Feb 24, 2012

Rice in Hawaii

Chinese Laborers Arrive in Hawaii Circa 1889
Hawaii State Archives
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46,000 Chinese immigrants came to Hawaii from south China to work on sugarcane plantations between 1850 and annexation of Hawaii to the United States in 1898. Feeding them meant providing rice, not the poi they were feeding the Hawaiian laborers. At first rice had to be imported, but as the Hawaiian population declined, so did the demand for the taro from which poi was made. Taro patches became vacant. Like rice paddies, taro patches are carefully terraced and irrigated, and thus ideal for rice. The Chinese began growing rice in these patches. By the early 1860’s, rice was well established. By 1907 Hawaii had some 10,000 acres in rice and was experimenting with 130 different varieties. Only sugarcane surpassed rice as a crop.

The next wave of immigrants were the Japanese. They preferred Japanese rice, and California was growing it. By 1930, two thirds of California rice output was being absorbed by Hawaii. This rice was of the Japonica or Calrose variety. By the 1960’s rice farming was dead in Hawaii. Rice farming might have been dead, but rice was firmly established as Hawaii’s staple food. In Hawaii, every man, woman, and child eats an average of 60 pounds of rice a year compared to mainland Americans who eat only 9 pounds. Today rice is the staple food of more than one-half of the world's population.


Jook 咸蛋
Jook with Salted Duck Eggs
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Also known as Chinese Congee, a chicken rice soup, sometimes garnished with Chinese salted duck egg.

1/2 chicken
12 cups of water
1 teaspoon salt
1 1/2 cups rice
2 tablespoons soy sauce
1 inch slice fresh ginger, crushed
3 green onions chopped

Cover chicken with water, add ginger, soy and salt, bring to boil. Reduce heat. Simmer for 1 hour until tender. Reserve broth.

Remove bones from chicken. Cut chicken into 1 inch pieces.

Place rice in pot with 10 cups of chicken broth to which soy and ginger has been added.

Bring to a boil. When boiling, reduce heat to low. Cook for at least an 1 hour, partially covered, stirring frequently. Soup is done when it reaches a porridge-like consistency. Remove crushed ginger.

Add minced green onion, more soy sauce and crushed red pepper as desired and serve.

Note: You can also garnish Jook with Chinese salted duck eggs (recipe), chopped bok choy, chopped watercress, chopped spinach leaves, or Chinese parsley (cilantro). Also turkey or pork works well in this recipe instead of chicken. Makes 8 servings.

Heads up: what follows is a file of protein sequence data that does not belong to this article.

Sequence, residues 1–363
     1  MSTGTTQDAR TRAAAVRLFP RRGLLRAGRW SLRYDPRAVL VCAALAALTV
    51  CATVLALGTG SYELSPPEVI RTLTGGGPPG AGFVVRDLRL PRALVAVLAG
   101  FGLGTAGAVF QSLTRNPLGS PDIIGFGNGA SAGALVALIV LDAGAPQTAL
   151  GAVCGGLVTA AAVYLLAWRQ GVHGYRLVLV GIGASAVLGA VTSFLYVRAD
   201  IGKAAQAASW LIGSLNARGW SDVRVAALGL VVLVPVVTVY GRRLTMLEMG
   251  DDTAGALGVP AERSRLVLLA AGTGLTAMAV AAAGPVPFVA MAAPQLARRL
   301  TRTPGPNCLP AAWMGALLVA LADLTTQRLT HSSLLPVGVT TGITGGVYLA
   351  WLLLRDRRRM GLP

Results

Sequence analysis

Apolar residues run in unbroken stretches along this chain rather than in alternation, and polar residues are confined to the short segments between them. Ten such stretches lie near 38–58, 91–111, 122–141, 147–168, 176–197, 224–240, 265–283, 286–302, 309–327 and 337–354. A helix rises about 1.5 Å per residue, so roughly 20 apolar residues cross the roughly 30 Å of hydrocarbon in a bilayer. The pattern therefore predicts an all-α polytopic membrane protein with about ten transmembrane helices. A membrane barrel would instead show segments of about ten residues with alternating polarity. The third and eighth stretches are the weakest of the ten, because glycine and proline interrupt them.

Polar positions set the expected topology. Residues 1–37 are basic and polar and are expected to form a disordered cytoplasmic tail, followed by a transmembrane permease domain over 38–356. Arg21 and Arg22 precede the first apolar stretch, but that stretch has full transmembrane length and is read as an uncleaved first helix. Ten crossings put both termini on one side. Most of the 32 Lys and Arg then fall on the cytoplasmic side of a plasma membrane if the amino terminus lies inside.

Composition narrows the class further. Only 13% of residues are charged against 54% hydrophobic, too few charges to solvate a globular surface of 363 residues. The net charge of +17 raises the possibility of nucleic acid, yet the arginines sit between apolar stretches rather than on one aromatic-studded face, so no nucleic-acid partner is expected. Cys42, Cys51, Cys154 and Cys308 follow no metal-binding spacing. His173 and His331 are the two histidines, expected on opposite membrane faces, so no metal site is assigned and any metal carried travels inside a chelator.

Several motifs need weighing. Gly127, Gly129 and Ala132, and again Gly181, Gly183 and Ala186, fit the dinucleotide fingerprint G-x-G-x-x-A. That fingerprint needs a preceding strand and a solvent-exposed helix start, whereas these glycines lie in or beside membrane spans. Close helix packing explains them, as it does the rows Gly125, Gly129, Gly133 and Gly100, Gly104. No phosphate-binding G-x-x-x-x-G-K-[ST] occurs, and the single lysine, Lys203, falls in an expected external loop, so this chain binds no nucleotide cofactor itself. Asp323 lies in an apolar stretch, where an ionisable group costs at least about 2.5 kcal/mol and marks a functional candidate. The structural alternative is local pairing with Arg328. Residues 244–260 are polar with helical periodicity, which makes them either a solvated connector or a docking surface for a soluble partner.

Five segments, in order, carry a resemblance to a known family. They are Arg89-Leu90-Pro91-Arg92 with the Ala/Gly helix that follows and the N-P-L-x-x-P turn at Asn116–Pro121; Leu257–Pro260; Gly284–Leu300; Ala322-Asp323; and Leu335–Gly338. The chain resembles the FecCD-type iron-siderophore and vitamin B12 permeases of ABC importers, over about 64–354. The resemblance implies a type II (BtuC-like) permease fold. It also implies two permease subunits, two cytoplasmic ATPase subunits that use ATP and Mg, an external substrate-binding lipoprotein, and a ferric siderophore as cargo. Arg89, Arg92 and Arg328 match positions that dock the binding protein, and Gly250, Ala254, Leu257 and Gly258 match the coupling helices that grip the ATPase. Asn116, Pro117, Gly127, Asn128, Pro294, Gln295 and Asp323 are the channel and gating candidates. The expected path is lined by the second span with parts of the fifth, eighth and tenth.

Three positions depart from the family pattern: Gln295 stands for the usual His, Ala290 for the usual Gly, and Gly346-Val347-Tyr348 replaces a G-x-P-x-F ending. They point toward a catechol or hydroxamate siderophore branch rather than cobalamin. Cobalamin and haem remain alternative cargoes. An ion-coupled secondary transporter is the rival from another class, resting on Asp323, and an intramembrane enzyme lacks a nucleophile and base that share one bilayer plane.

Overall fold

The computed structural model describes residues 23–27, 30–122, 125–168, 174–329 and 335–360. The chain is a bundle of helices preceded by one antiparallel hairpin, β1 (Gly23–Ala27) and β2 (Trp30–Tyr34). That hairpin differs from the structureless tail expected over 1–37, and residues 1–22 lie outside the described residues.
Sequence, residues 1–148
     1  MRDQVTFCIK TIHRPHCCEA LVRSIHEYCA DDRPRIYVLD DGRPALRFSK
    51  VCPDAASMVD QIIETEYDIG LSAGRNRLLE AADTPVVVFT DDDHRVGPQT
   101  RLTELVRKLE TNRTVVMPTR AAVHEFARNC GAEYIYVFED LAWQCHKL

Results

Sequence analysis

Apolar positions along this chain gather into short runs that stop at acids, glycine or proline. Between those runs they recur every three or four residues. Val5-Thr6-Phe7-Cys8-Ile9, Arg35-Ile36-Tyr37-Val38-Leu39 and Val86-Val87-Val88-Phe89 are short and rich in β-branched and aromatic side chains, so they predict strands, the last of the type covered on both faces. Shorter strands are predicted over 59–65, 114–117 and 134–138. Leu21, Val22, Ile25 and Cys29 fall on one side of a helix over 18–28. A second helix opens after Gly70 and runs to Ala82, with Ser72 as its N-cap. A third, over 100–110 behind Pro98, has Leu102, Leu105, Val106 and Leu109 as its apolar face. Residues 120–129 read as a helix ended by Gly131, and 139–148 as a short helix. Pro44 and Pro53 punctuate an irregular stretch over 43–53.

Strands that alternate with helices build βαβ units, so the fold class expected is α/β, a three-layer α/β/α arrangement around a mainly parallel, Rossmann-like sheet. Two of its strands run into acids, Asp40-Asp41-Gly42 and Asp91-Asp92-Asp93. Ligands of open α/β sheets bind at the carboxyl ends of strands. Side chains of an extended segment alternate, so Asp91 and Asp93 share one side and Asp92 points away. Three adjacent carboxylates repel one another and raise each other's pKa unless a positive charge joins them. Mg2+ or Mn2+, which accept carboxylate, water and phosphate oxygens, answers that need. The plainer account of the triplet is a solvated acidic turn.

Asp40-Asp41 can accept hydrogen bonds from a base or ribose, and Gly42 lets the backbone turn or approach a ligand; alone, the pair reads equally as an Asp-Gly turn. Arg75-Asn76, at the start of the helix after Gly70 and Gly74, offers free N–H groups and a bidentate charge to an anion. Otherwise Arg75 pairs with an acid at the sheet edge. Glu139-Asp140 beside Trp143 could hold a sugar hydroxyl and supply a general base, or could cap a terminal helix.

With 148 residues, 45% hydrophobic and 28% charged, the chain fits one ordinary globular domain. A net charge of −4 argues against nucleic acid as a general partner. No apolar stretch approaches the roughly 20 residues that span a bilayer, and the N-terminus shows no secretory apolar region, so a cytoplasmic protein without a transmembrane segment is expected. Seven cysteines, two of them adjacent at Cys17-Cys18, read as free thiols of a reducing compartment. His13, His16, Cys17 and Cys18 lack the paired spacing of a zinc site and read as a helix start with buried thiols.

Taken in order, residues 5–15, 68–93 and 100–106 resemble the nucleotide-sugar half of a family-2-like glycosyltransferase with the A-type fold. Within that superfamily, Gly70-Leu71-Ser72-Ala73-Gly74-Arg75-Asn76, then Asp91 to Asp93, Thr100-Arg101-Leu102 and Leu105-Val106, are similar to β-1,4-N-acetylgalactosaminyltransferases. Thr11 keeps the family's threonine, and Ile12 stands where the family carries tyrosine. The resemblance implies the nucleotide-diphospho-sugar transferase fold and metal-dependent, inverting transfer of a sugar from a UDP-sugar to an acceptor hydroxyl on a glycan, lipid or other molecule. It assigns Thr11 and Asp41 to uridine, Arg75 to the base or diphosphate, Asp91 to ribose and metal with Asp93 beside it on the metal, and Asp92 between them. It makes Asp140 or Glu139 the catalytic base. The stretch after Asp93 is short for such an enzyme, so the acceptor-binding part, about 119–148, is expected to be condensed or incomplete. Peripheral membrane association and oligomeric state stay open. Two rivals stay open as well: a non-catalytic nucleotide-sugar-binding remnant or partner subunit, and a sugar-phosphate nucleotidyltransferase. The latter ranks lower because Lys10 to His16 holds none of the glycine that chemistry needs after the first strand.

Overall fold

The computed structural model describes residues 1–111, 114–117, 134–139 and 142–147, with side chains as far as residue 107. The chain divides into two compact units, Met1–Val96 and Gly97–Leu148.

Kabocha Squash Rice with Edamame
The sweet squash flavors the rice, and the edamame (soy beans) not only tastes wonderful, but add a nice contrast to the dish. Serve with chicken, pork, or fish.

Japanese Kabocha Squash Rice with Edamame
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1 1/2 cups short grain rice
3 cups water
1 teaspoons salt
2 tablespoons sake (Japanese rice wine)
2 1/2 cups kabocha squash (peel and cut into 1 inch cubes)
1 1/2 cups cooked & shelled edamame (soy beans)
pumpkin seeds for garnish, optional

Put rice in a bowl. Wash and pour water out, then repeat 2 more times (this gets rid of some of the milky white starch on the rice which makes it sticky). Place rice and 3 cups of water in a heavy medium sized pot. Let it soak for 30 minutes. Meanwhile peel and cut the squash (I like to use a serrated bread knife because the tough to peel, so be careful). Set the squash aside. Just before cooking the rice, add salt and sake to the water and stir. Then add the cut kabocha squash to the rice and bring everything to a boil on high heat without a lid. When it reaches the rapid boil, put the lid on and reduce the heat to simmer for 15 minutes. Turn off the heat and let the pot stand for 10 minutes (don't open the lid.) Fluff the rice, and cooked squash, with a spatula (the squash will be so soft that it will be mashed a little bit with the rice.) Serve and garnish with the cooked edamame, or perhaps pumpkin seeds, or both. Makes
4-6 servings.

Hawaiian Spam Musubi 
Hawaiian Spam Musubi 
with pickled sweet Maui onions and ogo 
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The Spam musubi is perhaps the Hawaiian Island's favorite "to go" or snack food. Musubi (pronounced moo-soo-bee, with no accent) is a fried slice of spam on rice pressed together to form a small block, then wrapped with a strip of nori seaweed. Yes I know, Spam, is sometimes known as "Hawaiian Steak". Seven million cans per year are consumed in Hawaii alone. I am not a real big fan of Spam but I happen to love Musubi. It is delicious and makes a great pupu (appetizer).

3 cups uncooked Japanese medium-grain sushi rice
4 cups water
5 sheets of Nori (roasted-seaweed found in the Asian section of your grocery store)
1 (12-ounce) can Spam Luncheon Meat
Furikaki (Japanese condiment)
1/4 cup soy sauce
1/4 cup brown sugar
1/4 cup rice wine (mirin)

Wash rice, stirring with your hand, until water runs clear. Place rice in a saucepan with water; soak 30 minutes. Drain rice in colander and transfer to a heavy pot or rice cooker; add 4 cups water. If you don't have a rice cooker, place rice and water into a large heavy saucepan over medium-high heat; bring just to a boil, reduce heat to low and simmer, covered, for 15 minutes. Turn off heat and leave pan, covered, for 15 additional minutes.

Cut nori in half widthwise. Place cut nori in a resealable plastic bag to keep from exposing the nori to air (exposing the nori to air will make it tough and hard to eat).

Cut Spam into 8 rectangular slices approximately 1/4-inch thick. In a large ungreased frying pan over medium heat (Spam has plenty of grease to keep it from sticking), fry slices until brown and slightly crispy. remove from heat, drain on paper towels, and set aside.

In a small saucepan over high heat, add soy sauce, sugar, and rice wine; bring just to a boil, then remove from heat. Add fried Spam slices to soy sauce mixture, turning them to coat with the sauce; let spam slices sit in marinade until ready to use.

In a small bowl, add some water to use as a sealer for the ends of the nori wrapper; set aside.

Spam Musubi Press
Available at Amazon.com $1.15 + shipping